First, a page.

“This people are after your personal, your identity, so be very careful about anyone that contacts you on the Affordable Care Act," advises Smith-Hamblin.

She adds that you can't even trust caller ID because of spoofing devices that make it look like scammers are calling from a particular place, when in fact, they are not.

Kevin Willis

A federal judge in Texas has ruled against Churchill Down Incorporated in a challenge over online gambling laws.

The Louisville-based company was hoping the judge would throw out a Texas law that bans internet gambling offered by the racetrack’s website.

The Courier-Journal reports the Texas  Racing Commission has recently started to enforce a law requiring that all gambling on horse racing be done in person at the racetrack. The law was later revised by Texas authorities to explicitly outlaw online wagering.

Churchill claimed the “in person” part of the law was a violation of the U.S. Constitution’s interstate commerce clause. But the Texas judge rejected that argument, saying that Churchill Downs and other racetracks can reach gamblers in the Lonestar State through simulcasting—something that is permitted under Texas law.

Churchill started Twinspires.com in 2007 in order to take bets online and over the phone.

Kevin Willis

A new hotel is being called a bridge that will bring WKU and downtown Bowling Green closer together.

City and university leaders Tuesday announced that a 108-room Hyatt Place hotel will be built adjacent to the WKU Augustein Alumni Center. Construction on the four-story building will start this fall, with a scheduled opening in fall of 2014.

WKU President Gary Ransdell described the effort as a "cornerstone" that will help unite the school's campus and the city's downtown.

"This is what begins to marry Western Kentucky University--our physical campus--with downtown Bowling Green. This project is going to be the bridge which begins to bring these two very important variables in our community together."

The hotel will be owned by Dellisart Wellspring, LLC, the same group behind the Staybridge Suites Hotel in Bowling Green at the intersection of Nashville Road and Campbell Lane.

Daviess County Leaders Drum Up Interest in I-67 Plan

Sep 11, 2013

Business leaders in Indiana and Kentucky are joining forces to drive interest in a cost-effective interstate proposal that would use existing infrastructure to link the states.

The Interstate 67 project would tie into Interstate 69 near Washington, Ind., and eventually link up with Interstate 65 in Bowling Green, Ky.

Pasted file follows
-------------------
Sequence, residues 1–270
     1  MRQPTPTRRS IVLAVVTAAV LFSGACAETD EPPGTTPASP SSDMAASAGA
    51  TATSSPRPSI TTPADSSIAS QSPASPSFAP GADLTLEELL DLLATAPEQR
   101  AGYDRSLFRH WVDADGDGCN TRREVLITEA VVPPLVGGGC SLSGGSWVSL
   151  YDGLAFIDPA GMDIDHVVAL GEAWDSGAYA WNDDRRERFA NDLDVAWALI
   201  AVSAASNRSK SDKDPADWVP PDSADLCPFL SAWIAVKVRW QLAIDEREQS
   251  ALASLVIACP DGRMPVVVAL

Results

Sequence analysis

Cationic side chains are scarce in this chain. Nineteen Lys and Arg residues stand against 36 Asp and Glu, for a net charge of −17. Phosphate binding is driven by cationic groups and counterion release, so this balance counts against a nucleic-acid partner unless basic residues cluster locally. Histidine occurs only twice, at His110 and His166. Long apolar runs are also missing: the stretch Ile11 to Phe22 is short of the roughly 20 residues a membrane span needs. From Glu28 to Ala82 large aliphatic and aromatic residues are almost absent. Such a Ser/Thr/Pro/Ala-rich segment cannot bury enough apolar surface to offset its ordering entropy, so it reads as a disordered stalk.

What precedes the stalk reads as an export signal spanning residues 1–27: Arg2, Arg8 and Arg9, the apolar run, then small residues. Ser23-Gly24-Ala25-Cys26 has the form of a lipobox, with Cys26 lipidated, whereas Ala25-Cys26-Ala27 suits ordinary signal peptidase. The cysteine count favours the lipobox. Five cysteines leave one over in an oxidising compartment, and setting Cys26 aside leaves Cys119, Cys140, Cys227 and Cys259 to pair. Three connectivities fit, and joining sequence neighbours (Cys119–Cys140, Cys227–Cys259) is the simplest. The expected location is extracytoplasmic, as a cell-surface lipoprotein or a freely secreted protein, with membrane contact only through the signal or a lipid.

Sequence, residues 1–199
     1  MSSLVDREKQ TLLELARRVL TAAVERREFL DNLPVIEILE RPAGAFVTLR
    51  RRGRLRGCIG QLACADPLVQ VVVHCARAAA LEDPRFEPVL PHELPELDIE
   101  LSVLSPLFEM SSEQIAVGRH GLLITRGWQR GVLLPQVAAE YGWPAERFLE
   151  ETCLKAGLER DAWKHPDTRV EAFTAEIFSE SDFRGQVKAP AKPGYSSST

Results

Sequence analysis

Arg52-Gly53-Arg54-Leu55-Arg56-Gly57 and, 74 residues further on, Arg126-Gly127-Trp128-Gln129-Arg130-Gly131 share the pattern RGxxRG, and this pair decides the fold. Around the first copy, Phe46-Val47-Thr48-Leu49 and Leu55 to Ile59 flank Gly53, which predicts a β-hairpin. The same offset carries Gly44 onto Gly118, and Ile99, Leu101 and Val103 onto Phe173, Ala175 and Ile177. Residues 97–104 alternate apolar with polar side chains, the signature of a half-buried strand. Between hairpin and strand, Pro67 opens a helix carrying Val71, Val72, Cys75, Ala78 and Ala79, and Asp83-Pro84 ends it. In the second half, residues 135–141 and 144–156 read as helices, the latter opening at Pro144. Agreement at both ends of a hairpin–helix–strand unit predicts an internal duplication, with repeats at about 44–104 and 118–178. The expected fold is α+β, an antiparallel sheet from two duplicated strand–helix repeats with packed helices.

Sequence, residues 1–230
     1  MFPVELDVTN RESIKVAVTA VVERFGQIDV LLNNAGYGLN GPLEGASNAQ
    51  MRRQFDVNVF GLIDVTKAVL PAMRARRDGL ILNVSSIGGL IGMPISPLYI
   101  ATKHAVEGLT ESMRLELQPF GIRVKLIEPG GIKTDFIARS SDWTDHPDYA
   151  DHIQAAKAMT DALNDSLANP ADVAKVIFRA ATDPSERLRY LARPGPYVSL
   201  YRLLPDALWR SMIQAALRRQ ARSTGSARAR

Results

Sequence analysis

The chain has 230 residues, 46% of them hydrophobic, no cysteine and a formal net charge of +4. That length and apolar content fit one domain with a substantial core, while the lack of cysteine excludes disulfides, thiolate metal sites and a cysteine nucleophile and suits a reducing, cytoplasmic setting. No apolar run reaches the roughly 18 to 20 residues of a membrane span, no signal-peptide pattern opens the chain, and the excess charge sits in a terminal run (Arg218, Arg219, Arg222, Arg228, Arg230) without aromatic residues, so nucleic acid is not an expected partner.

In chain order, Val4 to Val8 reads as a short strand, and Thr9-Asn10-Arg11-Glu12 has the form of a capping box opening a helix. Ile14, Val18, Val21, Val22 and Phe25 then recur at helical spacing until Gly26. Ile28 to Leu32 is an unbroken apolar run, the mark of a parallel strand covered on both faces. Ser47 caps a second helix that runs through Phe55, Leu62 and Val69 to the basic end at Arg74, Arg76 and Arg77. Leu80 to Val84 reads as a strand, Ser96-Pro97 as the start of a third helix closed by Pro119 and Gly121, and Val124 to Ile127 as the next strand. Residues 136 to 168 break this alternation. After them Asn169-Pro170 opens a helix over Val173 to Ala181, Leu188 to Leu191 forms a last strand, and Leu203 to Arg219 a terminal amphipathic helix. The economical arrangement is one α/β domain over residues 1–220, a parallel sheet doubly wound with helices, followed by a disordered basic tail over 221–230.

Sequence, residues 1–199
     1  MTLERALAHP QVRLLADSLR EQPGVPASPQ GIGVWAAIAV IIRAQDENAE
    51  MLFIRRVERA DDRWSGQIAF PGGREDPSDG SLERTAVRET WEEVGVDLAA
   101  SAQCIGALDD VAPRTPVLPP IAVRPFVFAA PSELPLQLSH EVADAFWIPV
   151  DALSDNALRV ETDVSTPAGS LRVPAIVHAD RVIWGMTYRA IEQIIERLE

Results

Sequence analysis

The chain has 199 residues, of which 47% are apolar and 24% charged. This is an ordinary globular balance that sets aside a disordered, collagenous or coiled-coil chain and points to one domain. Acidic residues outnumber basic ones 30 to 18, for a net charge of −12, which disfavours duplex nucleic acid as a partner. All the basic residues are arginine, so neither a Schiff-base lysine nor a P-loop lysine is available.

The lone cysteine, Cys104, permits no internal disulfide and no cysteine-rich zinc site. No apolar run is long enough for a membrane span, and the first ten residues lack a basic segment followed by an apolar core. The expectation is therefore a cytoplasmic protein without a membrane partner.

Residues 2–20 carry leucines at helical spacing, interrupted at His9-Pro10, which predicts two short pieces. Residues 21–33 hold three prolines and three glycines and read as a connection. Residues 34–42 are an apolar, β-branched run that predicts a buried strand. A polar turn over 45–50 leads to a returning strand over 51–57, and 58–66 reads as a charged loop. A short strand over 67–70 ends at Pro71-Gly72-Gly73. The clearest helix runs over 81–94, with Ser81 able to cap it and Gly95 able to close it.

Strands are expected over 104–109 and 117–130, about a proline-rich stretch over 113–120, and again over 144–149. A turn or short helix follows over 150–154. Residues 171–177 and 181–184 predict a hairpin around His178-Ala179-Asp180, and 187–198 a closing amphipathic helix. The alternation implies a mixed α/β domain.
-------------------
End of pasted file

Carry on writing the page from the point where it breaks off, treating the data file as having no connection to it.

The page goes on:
Washington Mayor Joe Wellman says the ability to tie into I-69 in Washington has spurred interest among Daviess County officials.

The Washington Times-Herald reports a $200,000 study shows the road would draw at least 16,000 vehicles a day and could ease congestion on I-65 near Louisville.

Coalition member Hank Menke says there's no money for the project right now. But he hopes the study has sent a strong message to state transportation officials that the idea is worth considering.

A company that aims to manufacture steel tubes for the energy industry is expanding its operations and employment in Hopkinsville.

PTC Seemless Tube Corporation announced Thursday that it plans to create nearly 300 jobs and invest over $100 million  in a new manufacturing facility. It’s a return to the Hopkinsville area for the company, which previously closed its Christian County facility in order to move closer to its customer base.

PTC Seemless now says it wants to return to the region by retrofitting and expanding its former facility. The new manufacturing operation will involve 256,000 square feet of building area.

The Kentucky Economic Development Finance Authority has given preliminary approval for $12 million in tax incentives for the project.

Dr. Schneider Automotive Systems

A German-based auto parts manufacturer is investing $29 million dollars in Russell County – meaning more than 150 jobs are coming to the Russell Springs area. Representatives for  Dr. Schneider Automotive Systems took part in a special welcoming ceremony in Russell Springs. 

The event was attended by Kentucky Gov. Steve Beshear.

Russell County Judge-Executive Gary Robertson says the company will be moving into the Hitachi Cable plant that closed down in 2007.

“That plant is pretty much work-ready,” said Robertson.  They are having to do a few renovations to some flooring, but [the plant] was already available.”

Robertson says the new operation will provide jobs for those already in Russell County and bring in new residents.

Two Republican Congressmen from Kentucky will host a field hearing in Lexington Tuesday titled "Health Care Challenges Facing Kentucky's Workers and Job Creators. 

"This is an official Congressional hearing where witnesses will offer testimony that will become part of the Congressional record," says U.S. Representative Andy Barr of Lexington.

Representative Brett Guthrie of Bowling Green is also hosting the hearing that will focus on the Affordable Care Act.  The federal health care overhaul requires employers with 50 or more full-time workers to provide health insurance or pay penalties.  Last month, the Obama administration pushed back implementation of the employer mandate until January of 2015.

Kentucky's two largest children's hospitals are partnering to provide better pediatric care across the state.  Kosair Children's Hospital and U-K Children's Hospital have signed a letter intent to join forces and will spend the next few months working out the details. 

"Bottom line is, we can do more together than separately," says Stephens Williams, CEO of Norton Healthcare, which owns and operates Kosair.  "Our goal is to continue to expand services, certainly allowing us to better compete with children's hospitals in our border states." 

Williams says the collaboration will allow the hospitals to recruit more specialty pediatricians to handle some of the chronic diseases that plague Kentucky children such as obesity and diabetes. 

The partnership will also build upon collaborations the two hospitals already have with their cancer and transplant programs.